US urges peaceful territorial solution by ELENA L. ABEN

27/6/110 nhận xét

The US says tensions in the South China Sea
could undermine regional peace
and stability [Reuters]
[MB] MANILA, Philippines — United States senators have introduced a resolution before the US Senate calling for a peaceful, multilateral resolution to maritime territorial disputes in Southeast Asia – a move that drew commendation from visiting Philippine Foreign Affairs Secretary Albert del Rosario.

Virginia Senator Jim Webb said the bill which he introduced together with Oklahoma Senator Jim Inhofe has a good chance of clearing the US Senate within the week.

Webb said its passage will send a good signal on the US Senate’s position on the territorial conflict in the region.

The resolution calls for “a peaceful and multilateral resolution to maritime territorial disputes in Southeast Asia.”

Webb sits as chairman of the Senate Subcommittee on East Asian and Pacific Affairs on the Foreign Relations Committee, and Senator Inhofe is a member.

Del Rosario met with Webb in Washington, DC, last week, a few days after the resolution was filed.

During the meeting, the senator related to the foreign affairs chief his long-time interest in the issue of sovereignty in the South China Sea.

He called the attention of Del Rosario to the substantial work his subcommittee has accomplished, which impacts on US foreign policy on the situation in the South China Sea.

He said he believes that it is now time to back policy with action. Webb, an author and highly decorated Vietnam War veteran, has visited the Philippines twice – the first occasion when he was still a journalist and later as Secretary of the Navy.

A ranking US military official visiting the Philippines said claimant nations on the Spratlys must respect international and military boundaries, expressing hope that the tension in the West Philippine Sea (South China Sea) would not escalate to hostilities.

Gen. Gary L. North, commander of the US Pacific Air Forces (US-PACAF), said the US is closely monitoring the situation in that part of the region.

North was in the country upon invitation of Lt. Gen. Oscar Rabena, Philippine Air Force (PAF) commanding general. The US-PACAF commander was asked to speak during PAF symposium held last week.

US Ambassador to the Philippines Harry K. Thomas Jr. hosted a dinner for the US-PACAF with Armed Forces of the Philippines (AFP).

North cited the need to avoid misreadings and miscalculations of actions and statements by all parties concerned on the Spratlys issue to prevent combat operations from taking place.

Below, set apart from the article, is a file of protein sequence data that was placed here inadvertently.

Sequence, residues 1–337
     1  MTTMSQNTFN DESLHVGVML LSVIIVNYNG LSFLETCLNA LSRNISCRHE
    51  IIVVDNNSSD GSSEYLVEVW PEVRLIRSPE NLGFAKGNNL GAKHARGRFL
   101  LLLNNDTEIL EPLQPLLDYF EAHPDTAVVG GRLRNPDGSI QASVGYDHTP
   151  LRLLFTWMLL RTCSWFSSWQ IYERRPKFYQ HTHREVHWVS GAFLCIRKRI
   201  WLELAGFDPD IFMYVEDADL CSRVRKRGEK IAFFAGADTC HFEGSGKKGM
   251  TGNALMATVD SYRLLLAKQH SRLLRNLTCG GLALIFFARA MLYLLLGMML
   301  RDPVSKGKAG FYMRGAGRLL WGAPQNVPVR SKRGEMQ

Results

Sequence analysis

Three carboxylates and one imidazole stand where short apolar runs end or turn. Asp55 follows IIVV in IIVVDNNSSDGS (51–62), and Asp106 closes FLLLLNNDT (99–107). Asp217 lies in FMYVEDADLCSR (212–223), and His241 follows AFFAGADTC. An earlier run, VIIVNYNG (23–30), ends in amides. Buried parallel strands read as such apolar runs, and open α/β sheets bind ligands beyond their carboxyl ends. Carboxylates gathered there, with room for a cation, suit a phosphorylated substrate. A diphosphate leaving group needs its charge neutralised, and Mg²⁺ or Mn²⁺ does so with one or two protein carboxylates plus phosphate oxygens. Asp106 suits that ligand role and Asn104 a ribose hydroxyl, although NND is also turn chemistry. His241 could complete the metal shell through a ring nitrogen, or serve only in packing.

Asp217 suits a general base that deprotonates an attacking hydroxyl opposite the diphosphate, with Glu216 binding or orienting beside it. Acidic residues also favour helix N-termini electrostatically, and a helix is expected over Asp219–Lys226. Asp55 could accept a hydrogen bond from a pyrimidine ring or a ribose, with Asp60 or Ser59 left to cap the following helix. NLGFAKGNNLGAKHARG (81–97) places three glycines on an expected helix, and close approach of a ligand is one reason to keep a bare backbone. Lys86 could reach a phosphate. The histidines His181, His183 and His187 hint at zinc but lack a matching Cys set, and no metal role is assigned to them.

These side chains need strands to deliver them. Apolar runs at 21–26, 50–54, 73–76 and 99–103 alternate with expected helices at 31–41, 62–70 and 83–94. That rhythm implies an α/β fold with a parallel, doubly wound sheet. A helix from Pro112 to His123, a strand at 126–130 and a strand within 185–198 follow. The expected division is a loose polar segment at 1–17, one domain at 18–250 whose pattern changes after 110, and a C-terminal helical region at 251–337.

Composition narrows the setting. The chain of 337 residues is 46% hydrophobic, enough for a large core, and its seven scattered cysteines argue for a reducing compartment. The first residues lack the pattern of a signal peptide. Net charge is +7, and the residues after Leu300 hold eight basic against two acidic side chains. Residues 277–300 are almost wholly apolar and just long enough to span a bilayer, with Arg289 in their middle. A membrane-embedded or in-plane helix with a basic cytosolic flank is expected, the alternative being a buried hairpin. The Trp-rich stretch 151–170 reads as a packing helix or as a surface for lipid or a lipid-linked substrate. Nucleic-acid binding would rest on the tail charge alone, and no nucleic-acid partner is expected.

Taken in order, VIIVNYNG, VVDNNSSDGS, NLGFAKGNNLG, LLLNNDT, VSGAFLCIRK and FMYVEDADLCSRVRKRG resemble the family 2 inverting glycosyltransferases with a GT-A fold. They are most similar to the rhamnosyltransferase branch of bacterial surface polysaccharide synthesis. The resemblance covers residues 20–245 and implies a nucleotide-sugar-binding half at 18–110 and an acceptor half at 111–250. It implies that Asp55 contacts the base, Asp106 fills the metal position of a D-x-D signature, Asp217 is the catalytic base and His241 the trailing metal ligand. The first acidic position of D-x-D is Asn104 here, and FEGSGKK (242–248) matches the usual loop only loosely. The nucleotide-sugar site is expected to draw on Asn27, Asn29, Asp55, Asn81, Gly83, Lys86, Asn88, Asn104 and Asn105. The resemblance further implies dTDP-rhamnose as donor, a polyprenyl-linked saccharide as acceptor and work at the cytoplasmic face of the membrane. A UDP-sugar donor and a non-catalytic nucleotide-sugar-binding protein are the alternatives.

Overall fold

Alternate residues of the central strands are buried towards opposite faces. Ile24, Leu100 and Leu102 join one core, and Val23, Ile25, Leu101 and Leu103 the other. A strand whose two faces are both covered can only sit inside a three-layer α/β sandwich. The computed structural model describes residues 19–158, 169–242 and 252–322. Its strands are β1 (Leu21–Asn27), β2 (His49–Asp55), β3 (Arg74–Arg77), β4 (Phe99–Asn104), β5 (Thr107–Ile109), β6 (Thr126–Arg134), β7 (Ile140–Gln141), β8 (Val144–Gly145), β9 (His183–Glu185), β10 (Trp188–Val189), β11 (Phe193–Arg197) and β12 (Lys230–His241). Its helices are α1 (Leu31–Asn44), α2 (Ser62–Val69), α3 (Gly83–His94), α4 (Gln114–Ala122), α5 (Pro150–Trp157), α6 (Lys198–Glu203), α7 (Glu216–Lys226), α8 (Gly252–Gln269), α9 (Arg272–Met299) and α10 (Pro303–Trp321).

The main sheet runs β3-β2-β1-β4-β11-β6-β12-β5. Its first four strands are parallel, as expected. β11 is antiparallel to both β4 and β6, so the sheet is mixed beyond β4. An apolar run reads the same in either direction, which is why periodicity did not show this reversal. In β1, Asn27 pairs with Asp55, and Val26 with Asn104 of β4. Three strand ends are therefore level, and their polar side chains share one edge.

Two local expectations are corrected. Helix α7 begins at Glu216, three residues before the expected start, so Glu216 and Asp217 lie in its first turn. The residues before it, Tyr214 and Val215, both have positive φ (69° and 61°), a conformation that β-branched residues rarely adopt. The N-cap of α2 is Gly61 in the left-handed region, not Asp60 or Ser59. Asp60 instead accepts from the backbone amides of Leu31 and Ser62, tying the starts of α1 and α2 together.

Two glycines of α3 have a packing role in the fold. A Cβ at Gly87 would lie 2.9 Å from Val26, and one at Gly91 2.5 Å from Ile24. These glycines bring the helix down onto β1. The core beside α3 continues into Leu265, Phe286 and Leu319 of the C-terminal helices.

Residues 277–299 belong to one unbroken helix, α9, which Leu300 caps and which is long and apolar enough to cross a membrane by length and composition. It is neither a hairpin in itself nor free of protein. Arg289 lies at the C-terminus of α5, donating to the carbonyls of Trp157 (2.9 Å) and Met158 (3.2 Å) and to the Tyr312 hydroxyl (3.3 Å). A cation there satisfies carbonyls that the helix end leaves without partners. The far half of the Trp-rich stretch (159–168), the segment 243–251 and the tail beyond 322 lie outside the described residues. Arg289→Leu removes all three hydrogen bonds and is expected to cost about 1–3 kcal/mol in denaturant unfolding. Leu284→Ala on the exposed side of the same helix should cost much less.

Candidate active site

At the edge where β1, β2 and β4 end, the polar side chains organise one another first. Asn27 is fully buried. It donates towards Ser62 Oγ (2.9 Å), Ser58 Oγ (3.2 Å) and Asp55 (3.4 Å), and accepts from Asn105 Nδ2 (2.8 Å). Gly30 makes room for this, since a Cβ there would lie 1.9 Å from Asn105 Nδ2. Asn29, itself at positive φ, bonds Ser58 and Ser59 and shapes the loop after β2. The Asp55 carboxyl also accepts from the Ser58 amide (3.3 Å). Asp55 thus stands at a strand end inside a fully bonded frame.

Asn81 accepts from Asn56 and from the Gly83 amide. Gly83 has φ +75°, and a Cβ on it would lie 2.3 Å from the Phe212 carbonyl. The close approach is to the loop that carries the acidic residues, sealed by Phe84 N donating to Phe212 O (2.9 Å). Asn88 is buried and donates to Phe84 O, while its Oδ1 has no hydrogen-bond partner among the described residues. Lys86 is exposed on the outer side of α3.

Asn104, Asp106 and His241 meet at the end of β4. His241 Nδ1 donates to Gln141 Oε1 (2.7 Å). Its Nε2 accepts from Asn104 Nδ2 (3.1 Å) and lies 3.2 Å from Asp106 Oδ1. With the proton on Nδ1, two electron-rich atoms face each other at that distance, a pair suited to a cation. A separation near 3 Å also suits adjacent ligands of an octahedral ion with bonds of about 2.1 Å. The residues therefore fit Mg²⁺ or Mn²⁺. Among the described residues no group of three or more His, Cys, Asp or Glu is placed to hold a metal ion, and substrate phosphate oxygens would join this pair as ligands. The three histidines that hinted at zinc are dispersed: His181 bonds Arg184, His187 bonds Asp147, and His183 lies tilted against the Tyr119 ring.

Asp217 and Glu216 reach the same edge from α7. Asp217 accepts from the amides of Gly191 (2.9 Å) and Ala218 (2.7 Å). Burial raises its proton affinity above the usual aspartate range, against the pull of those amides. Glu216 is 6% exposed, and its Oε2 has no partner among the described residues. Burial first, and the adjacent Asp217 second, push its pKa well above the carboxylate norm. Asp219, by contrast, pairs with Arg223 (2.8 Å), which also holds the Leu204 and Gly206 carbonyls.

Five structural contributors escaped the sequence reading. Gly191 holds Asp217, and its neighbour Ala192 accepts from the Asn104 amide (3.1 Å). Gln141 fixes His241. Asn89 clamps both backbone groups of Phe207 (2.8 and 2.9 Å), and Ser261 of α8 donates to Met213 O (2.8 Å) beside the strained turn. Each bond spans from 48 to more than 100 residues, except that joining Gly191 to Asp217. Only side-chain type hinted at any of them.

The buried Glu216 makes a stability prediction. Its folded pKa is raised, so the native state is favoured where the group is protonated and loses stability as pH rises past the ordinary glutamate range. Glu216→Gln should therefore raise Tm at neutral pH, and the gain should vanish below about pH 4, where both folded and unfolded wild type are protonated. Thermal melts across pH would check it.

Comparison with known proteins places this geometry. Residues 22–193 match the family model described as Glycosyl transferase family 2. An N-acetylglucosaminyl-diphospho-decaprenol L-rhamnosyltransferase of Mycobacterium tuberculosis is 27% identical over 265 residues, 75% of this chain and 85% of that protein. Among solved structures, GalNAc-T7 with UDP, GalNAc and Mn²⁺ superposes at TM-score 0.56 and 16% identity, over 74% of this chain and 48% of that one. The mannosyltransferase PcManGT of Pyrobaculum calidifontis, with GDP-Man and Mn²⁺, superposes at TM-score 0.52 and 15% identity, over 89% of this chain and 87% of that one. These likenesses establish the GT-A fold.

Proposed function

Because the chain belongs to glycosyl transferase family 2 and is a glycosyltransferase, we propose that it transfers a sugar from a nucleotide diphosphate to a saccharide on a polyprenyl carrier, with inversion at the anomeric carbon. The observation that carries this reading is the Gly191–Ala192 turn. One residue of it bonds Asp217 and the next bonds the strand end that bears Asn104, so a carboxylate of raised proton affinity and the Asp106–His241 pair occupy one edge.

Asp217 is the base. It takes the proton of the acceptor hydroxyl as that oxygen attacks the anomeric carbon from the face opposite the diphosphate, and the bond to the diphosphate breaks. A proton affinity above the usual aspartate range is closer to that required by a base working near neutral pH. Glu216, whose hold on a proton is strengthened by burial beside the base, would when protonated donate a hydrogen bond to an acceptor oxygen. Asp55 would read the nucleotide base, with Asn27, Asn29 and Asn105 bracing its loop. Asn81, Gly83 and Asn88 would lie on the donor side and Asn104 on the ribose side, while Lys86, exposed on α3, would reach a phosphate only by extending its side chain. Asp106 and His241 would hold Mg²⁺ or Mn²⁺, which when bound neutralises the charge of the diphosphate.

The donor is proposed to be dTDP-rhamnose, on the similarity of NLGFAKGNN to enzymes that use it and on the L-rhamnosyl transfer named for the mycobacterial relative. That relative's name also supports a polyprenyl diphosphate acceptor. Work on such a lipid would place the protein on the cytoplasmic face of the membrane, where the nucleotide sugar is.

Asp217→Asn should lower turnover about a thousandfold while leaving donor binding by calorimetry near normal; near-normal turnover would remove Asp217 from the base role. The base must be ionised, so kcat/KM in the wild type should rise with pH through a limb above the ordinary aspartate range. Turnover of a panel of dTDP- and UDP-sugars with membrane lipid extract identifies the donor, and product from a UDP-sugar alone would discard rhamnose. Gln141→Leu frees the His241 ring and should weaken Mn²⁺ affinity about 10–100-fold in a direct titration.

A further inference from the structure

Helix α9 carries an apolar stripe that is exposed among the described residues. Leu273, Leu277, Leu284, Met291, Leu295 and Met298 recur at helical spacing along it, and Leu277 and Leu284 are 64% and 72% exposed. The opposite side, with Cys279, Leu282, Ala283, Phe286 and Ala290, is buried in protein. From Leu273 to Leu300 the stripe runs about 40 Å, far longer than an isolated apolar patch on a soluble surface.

When asked if the US is all set to assist the Philippines should there be war on the Spratlys, North retorted by asking: “Do you believe it will escalate to combat operations?”

The US-PACAF commander, however, went on saying the Philippines and the US share a long history of 60 years of common understanding as a result of the Mutual Defense Treaty. “So the relationship is very strong,” he said.

But North also emphasized that as the AFP chief also knows, “all of our senior leaders and senior government and civilian and military leadership … we certainly hope that the conflict that is currently being viewed would never come to an event that might reach combat operations.”

Saying stability and security in the region is very important, North stressed that all nations must be transparent, at the same time, respect of international boundaries and military boundaries in order to prevent hostilities.

“The last thing that any military person wants to do is commit the combat operations,” said North, adding “It is very important that our senior government officials work these issues closely in consultation with many nations,” as he noted that there are many nations that lay claim to the Spratlys.

“The understanding of these claims and the ability of nations to talk to each other is very important,” North further said, adding that all concerned must also “respect each other’s viewpoints and work these viewpoints out.”

“There’s a long process that we all must appreciate to ensure that there is stability in the region... and through dialogue we can prevent hostilities,” he added.

In Honolulu, Hawaii, the US and China were holding first-of-a-kind talks Saturday on rising tensions in the South China Sea, with Beijing angry over Washington’s support of Southeast Asian countries.

Senior officials of the Pacific powers were meeting in Honolulu, days after the US rallied behind the Philippines and Vietnam which have been alarmed at what they see as Beijing’s growing assertiveness at sea.